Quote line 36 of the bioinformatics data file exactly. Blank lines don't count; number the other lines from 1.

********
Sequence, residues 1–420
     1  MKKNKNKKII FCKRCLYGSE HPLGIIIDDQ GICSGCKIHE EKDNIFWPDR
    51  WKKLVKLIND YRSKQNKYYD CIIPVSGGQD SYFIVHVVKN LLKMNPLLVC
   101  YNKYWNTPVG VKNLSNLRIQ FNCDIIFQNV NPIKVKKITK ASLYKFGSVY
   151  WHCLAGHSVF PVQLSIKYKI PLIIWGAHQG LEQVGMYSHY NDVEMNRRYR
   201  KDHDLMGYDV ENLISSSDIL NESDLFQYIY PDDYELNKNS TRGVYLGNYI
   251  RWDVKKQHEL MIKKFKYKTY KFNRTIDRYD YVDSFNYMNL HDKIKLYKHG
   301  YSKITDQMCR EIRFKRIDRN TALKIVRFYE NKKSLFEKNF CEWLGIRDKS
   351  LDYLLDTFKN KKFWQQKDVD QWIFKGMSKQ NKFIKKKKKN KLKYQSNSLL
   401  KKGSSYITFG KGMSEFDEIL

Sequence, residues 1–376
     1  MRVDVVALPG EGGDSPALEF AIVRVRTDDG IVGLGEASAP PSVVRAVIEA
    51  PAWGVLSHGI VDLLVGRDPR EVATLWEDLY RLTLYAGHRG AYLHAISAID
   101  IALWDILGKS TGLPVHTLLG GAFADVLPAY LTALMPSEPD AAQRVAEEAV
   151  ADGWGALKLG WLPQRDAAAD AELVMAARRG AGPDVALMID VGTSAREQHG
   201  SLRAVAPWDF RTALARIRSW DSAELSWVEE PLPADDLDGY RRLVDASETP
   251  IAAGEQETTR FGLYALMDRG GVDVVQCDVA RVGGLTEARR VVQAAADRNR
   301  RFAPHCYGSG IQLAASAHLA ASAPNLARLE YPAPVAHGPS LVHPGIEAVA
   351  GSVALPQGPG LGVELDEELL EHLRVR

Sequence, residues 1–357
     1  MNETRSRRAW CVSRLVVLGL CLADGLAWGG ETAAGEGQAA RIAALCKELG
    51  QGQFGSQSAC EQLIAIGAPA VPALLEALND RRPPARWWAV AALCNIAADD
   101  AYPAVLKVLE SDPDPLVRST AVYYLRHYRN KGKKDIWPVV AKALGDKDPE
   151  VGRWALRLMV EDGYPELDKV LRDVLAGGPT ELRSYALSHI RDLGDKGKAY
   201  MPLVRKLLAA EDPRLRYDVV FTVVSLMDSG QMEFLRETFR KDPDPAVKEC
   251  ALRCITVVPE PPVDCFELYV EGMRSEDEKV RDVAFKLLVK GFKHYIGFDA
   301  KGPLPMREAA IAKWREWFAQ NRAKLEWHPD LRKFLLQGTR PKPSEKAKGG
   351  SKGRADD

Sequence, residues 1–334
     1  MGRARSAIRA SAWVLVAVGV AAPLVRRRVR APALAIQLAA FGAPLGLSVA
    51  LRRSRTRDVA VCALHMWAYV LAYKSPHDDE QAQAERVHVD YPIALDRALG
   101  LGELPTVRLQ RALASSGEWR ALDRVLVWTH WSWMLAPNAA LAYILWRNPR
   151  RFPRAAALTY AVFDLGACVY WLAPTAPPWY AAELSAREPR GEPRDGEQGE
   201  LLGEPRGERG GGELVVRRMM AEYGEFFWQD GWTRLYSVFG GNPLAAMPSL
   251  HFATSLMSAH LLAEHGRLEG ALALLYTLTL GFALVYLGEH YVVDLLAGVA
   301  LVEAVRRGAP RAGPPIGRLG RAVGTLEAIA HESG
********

   301  LVEAVRRGAP RAGPPIGRLG RAVGTLEAIA HESG